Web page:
Efficient use of space is important in every industry, but perhaps nowhere is it more essential to ensuring smooth and profitable operations than in the warehousing sector of the supply chain industry. Even if you have access to multiple facilities and a variety of storage options, not making the most of the square footage you have can lead to lost productive time and revenue as you shell out extra funds for additional spaces you might not need. Getting extra space out of your existing warehouse or warehouses can make a huge difference when it comes to preserving your profits and maximizing efficiency.
It can be easy to slip into the old habit of thinking of warehouse storage space as a two-dimensional matter — after all, it doesn’t matter how much inventory you can cram into your building if your workers can’t efficiently maneuver around it and pick what they need for orders. That being said, warehouse managers can still do a lot to make use of vertical space in their facilities without sacrificing mobility or efficiency on the warehouse floor.
The easiest way to accomplish this is by extending existing racks upwards to fill empty space between your warehouse floor and the ceiling. As long as you don’t intrude on the space reserved for your building’s fire suppression system – usually about 18 inches from the ceiling in buildings equipped with modern ESFR sprinkler systems – stacking your racks can give you much more storage space to work with, without requiring a financial investment as substantial as renting a new facility.
It may also be worth considering the installation of a mezzanine level overtop of existing warehouse floor or even above shipping doors and conveyors, so long as your warehouse can structurally handle the added weight safely. Doing this can effectively double available space in the area where the mezzanine is installed, which you could use for additional storage, packing processes, or even office space.
You can also maximize efficient use of warehouse space without building any new structures at all by narrowing the space between your existing racks. That said, the exact degree to which you can move shelving units closer to each other will vary depending on the types of products you need to store and the equipment you need to pick them, so make sure to conduct a thorough analysis of your business needs before committing to this kind of measure.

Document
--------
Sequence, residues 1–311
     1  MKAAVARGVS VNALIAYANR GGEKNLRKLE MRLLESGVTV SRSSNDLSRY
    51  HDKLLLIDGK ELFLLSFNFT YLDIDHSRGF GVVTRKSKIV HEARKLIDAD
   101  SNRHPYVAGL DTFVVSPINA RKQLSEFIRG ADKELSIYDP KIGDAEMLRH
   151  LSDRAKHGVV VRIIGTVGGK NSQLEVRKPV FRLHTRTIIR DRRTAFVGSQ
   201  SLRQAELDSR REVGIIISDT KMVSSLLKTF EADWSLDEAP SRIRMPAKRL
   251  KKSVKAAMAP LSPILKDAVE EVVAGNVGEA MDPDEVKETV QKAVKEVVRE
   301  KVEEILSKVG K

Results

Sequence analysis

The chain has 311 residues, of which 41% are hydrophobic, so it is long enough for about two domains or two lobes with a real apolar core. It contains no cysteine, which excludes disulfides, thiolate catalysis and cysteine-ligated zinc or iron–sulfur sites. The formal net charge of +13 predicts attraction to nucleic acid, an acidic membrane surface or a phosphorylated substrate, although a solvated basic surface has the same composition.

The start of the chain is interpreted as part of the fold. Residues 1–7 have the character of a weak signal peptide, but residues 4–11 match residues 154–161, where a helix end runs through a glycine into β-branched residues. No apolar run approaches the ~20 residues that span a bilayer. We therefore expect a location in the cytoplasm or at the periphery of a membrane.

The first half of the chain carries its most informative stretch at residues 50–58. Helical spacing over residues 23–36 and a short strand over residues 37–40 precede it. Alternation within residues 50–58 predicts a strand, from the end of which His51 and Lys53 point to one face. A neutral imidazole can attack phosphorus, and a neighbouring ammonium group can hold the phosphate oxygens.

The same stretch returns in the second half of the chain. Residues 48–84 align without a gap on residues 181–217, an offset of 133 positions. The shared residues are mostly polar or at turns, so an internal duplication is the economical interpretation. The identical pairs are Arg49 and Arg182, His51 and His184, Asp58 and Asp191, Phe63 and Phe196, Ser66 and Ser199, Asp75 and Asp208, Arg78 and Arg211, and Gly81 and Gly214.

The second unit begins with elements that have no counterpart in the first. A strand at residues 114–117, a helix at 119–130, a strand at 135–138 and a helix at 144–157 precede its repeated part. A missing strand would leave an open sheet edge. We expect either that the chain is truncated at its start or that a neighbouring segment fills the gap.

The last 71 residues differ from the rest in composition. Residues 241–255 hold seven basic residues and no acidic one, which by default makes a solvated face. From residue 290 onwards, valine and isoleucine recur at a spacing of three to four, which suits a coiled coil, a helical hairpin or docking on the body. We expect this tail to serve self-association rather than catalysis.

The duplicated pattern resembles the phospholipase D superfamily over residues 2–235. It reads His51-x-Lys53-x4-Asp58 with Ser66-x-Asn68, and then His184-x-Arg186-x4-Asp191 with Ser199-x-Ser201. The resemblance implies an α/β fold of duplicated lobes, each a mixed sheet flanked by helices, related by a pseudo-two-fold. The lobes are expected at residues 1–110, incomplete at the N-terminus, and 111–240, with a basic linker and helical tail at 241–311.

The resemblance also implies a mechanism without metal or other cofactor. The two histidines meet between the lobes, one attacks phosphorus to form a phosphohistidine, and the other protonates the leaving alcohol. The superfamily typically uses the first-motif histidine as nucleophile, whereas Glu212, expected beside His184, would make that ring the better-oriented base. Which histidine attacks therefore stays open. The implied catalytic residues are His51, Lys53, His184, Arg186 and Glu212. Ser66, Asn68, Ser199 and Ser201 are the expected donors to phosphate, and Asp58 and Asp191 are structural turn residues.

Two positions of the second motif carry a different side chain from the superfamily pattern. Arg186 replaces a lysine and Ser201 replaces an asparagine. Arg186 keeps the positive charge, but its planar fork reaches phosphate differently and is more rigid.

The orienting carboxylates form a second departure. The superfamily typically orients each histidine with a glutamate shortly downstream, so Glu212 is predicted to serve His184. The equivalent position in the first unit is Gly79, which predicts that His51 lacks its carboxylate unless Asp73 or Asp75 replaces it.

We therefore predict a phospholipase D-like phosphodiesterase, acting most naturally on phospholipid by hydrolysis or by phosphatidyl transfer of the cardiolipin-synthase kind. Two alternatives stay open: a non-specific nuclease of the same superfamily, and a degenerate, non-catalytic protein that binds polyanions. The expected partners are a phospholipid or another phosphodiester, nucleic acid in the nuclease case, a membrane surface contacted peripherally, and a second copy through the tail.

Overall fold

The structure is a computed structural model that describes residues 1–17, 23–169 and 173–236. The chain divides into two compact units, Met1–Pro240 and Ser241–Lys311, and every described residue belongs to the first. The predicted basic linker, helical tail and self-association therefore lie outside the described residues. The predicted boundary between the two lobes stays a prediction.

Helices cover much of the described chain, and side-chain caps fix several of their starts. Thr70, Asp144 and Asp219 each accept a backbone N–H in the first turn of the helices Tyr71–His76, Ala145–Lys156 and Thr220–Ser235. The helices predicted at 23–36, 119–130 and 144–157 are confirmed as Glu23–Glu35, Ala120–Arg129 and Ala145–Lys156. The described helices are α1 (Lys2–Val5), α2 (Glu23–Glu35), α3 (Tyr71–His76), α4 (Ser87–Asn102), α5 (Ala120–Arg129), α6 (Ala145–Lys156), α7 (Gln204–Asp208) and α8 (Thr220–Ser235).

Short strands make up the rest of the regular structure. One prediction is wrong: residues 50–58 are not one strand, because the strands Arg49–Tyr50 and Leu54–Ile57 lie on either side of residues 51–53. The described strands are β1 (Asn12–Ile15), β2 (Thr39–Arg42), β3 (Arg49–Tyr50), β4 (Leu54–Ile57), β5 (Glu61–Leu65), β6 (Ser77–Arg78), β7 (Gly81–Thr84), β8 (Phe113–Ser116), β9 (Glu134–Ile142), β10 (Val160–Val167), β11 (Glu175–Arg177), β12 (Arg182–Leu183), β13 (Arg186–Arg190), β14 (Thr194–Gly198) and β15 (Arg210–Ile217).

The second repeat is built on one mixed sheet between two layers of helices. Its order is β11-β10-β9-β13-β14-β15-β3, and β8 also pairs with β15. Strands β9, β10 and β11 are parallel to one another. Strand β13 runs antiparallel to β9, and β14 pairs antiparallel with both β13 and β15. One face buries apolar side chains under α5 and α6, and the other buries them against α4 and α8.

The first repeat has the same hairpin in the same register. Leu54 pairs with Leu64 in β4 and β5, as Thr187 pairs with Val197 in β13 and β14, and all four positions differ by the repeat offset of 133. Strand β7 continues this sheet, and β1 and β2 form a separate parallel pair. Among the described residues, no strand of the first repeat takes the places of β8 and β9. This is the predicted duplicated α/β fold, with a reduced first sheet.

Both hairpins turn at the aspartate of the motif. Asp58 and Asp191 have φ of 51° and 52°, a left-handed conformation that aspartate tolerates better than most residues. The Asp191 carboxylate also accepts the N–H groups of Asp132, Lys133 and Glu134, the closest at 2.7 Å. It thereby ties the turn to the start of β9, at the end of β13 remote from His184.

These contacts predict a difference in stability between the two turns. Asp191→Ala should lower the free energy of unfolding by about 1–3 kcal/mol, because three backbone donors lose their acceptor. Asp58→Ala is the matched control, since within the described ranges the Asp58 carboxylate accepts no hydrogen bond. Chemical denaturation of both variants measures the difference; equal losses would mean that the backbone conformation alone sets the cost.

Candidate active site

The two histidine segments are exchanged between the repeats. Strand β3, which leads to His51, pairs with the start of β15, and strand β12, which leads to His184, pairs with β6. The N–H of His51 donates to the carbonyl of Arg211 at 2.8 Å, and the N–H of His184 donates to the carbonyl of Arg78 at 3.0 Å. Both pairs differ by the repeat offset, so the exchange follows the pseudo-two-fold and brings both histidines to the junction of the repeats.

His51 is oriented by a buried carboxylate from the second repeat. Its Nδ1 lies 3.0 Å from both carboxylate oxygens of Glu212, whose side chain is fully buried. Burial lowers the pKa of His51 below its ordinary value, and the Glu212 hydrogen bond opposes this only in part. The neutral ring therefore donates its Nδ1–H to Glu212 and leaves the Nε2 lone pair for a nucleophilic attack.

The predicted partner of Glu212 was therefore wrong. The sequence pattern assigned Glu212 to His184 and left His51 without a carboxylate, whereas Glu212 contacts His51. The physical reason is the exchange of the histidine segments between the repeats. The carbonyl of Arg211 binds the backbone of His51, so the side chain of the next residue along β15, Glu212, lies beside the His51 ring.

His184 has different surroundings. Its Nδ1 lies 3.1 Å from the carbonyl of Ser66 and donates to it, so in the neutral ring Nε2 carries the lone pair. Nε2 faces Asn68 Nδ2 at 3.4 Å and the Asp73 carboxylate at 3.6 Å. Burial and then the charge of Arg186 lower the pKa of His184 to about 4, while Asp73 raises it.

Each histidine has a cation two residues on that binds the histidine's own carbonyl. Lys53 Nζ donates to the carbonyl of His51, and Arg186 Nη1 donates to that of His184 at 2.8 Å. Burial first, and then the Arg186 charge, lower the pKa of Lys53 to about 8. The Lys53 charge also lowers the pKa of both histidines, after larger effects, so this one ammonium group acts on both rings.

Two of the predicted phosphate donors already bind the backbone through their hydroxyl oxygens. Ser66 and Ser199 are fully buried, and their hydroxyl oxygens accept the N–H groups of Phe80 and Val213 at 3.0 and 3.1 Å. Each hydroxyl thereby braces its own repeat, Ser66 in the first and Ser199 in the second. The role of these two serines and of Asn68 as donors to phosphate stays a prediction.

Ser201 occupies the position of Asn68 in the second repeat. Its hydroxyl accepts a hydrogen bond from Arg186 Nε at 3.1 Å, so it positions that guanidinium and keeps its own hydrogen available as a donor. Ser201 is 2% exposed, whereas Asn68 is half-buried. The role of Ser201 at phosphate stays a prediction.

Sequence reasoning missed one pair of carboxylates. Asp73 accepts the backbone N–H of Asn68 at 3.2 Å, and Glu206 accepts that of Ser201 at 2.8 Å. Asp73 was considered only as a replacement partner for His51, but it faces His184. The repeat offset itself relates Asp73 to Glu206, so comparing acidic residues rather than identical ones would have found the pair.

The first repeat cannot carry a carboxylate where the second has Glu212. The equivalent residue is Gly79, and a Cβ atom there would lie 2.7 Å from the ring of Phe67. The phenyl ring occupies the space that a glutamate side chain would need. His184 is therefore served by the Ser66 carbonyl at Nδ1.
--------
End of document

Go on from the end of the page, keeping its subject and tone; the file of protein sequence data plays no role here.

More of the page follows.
Part of that analysis should include exploring whether you are using the most effective storage medium to meet your warehouse’s needs. For example, if you commonly move inventory in bulk and/or in a first-in-first-out manner, switching to double-deep racks instead of single-deep racks could offer additional storage space without impacting day-to-day operations.
Of course, what will work best for other businesses may not be what works best for yours. With that in mind, the most important tip to keep in mind for maximizing your existing warehouse space is adjusting your storage approach around the unique processes that keep your business running.
For example, if you take in a lot of products stored in half-pellets, you may need a different approach to pallet storage to allow for different types of pallets to be stacked efficiently. The nature of these and other potential issues can change significantly from warehouse to warehouse, so it’s important to take the time to understand how your facility functions and do what’s best for your business needs.